ANY first aid is better than nothing in an emergency because even a little basic knowledge can save lives.
Something as simple as encouraging a person with a suspected heart attack to lie down and rest can limit damage to the heart muscle, calling an ambulance at the first signs of a stroke can prevent further brain damage.
“What you do as a first aider in those first few minutes is absolutely vital,” St John Ambulance first aid trainer John de Boer said.
“It is one of those times that seconds do count. We need people to do the vital stuff immediately: If a person is bleeding and we don’t stop that bleeding they will die and that can be very rapid.
“With a heart attack a person’s airway will be pretty severely compromised and the longer a heart attack is going on the more serious the damage it does … so by resting the person, the heart works less and therefore it is not using as much oxygen and it is not causing as much damage to the heart.”
If you suspect someone is having a stroke sitting them up helps to decrease pressure on the brain and keeping them calm helps to lower blood pressure.
“Everything you do as a first aider in keeping a person calm and relaxed makes it better for them,” Mr De Boer said.
If you are not confident, call 000 and the operator will talk you through the response required for your emergency and advise whether you need an ambulance. It is better that it be a false alarm than not making the call in the first place and someone losing their life.
The worst thing you can do is attempt to drive yourself or someone else to hospital in an emergency rather than calling an ambulance.
Emma Trace, Fiona Stanley Hospital emergency department consultant, said she had witnessed some terrible outcomes from people deciding to do that.
“Particularly with chest pain it is a big no-no for people to drive themselves to the hospital,” Dr Trace said.
“If something is life threatening or you think it might be life threatening then you should be calling triple zero for an ambulance.”
This meant medical assessment and treatment could start as soon as paramedics arrived and there was a more direct path to medical treatment at the hospital.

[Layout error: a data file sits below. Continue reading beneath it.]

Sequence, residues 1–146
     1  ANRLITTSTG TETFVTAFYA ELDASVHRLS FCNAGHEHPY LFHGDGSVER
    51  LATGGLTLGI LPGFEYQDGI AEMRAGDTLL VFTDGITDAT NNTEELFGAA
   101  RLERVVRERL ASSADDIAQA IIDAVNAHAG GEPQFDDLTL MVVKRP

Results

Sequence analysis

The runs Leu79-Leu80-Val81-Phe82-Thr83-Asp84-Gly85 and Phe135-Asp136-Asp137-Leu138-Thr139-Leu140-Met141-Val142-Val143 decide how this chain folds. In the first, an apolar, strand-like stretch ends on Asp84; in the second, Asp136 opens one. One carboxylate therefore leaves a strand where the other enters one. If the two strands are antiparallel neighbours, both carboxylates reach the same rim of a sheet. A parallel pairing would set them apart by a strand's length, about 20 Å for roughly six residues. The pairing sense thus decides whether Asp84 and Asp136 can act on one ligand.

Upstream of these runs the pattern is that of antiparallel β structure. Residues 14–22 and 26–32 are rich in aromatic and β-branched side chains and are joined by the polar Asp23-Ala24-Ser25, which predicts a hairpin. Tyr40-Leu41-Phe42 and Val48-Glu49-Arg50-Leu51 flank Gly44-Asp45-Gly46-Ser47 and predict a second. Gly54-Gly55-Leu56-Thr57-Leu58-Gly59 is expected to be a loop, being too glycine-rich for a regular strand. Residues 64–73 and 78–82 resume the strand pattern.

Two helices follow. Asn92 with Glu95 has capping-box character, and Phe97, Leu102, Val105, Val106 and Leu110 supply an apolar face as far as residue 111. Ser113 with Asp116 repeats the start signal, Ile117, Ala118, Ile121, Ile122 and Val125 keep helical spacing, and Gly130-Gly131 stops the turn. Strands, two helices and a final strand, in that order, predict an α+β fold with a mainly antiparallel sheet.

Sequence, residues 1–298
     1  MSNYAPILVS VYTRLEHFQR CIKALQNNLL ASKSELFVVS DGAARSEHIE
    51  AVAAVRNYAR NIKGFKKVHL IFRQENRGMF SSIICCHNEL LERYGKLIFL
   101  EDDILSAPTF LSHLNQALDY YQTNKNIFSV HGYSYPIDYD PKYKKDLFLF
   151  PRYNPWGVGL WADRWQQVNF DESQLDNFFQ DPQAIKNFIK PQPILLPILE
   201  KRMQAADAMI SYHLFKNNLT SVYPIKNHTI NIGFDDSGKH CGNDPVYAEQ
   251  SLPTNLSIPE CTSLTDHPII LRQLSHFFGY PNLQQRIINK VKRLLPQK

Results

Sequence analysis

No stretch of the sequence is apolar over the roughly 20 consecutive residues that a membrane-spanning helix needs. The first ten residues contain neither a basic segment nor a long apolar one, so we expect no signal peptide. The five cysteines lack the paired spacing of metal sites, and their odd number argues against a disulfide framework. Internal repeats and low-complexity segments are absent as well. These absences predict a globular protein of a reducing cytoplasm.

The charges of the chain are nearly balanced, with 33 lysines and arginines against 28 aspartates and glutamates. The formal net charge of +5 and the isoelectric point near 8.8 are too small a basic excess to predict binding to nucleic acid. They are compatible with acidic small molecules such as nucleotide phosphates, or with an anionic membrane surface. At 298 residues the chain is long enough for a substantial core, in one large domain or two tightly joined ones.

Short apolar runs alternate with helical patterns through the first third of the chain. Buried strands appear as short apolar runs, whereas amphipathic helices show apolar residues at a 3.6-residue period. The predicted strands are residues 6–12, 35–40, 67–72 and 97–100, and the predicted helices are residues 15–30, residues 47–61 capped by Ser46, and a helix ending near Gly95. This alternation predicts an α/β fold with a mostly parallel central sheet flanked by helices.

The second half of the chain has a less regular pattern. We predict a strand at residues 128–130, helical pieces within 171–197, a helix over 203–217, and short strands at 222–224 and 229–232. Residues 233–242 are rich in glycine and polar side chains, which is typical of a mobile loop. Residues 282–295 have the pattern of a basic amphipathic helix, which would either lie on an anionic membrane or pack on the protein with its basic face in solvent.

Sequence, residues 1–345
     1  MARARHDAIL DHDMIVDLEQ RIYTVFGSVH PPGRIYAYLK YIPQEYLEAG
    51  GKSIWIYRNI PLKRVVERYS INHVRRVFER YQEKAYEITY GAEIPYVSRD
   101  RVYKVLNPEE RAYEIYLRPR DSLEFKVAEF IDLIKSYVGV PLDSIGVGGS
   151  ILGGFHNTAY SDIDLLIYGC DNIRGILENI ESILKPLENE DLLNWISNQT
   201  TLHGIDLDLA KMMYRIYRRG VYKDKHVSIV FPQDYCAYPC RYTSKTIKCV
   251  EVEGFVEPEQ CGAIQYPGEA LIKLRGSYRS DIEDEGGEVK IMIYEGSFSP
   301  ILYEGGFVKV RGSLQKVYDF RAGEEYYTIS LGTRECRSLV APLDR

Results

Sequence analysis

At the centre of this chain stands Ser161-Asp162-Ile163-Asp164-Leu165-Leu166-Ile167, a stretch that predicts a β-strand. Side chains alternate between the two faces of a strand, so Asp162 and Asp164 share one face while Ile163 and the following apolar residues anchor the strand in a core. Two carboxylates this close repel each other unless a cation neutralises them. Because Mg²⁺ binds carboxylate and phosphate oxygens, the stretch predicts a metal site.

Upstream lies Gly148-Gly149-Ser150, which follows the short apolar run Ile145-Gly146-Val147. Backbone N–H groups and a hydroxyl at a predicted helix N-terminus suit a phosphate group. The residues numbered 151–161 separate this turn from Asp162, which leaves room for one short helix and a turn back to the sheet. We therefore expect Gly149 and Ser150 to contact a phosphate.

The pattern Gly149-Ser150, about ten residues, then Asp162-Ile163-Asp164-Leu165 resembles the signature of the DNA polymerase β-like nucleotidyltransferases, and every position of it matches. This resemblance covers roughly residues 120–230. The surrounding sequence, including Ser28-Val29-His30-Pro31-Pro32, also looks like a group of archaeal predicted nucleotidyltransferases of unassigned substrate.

Dr Trace said it was common for people to worry about doing more harm in an emergency.
“But to be honest at that point, unless something is done quickly, then the likely survival rate for the patient is actually very low, so it doesn’t matter if you haven’t done a resuscitation course for 10 years or you have never done one, just something simple like calling for help and doing chest compressions and trying to help with breathing can save someone’s life.”
“But unfortunately there is a big lack of understanding in some areas: People who don’t even attempt CPR or don’t know how to manage choking or burns. I do think there needs to be some wider response to improve your basic first aid knowledge because it can make a difference at home.”
Life-saving steps: DRS ABCD
It’s an acronym that could save a life and will guide you through those first frantic minutes in an emergency situation — DRS ABCD. Here’s what the letters stand for:
Danger — ensure the area is safe for yourself and the patient.
Response — check for a response from the patient, ask their name, squeeze their shoulder.
Send — Call for help on 000 or ask someone else to call.
Airway — Open the patient’s mouth and check for foreign material — if there is any obstruction, put the person in the recovery position and clear the airway. If there isn’t, leave them on their back and tilt head back to keep the airway clear.
Breathing — If the patient is not breathing or not breathing normally, place them on their back and start CPR. If they are breathing well put them in the recovery position and monitor breathing and responsiveness.
CPR — Start CPR giving 30 compressions then two breaths. The heel of hand should be placed on the lower half of breastbone in centre of chest with the other hand on top of first. For children, use the heel of one hand only and for infants use two fingers. Press down one third of depth of chest and do about two compressions every second.
Defibrillation — Apply a defibrillator, if one is available, as soon as possible and follow the voice prompts.
At Canberra First Aid we will give you a detailed run down of the first aid action plan as seen above and then get you doing the process in a comfortable environment. We train all of our participants in all aspects of first aid and this can be the difference in an emergency. Please get yourself trained in first aid soon so that you learn all of the updated procedures. The first aid course has changed greatly over the last 10 years and it is important to learn the updated strategies for first aid. Book in to one of our $100 first aid courses on our website now.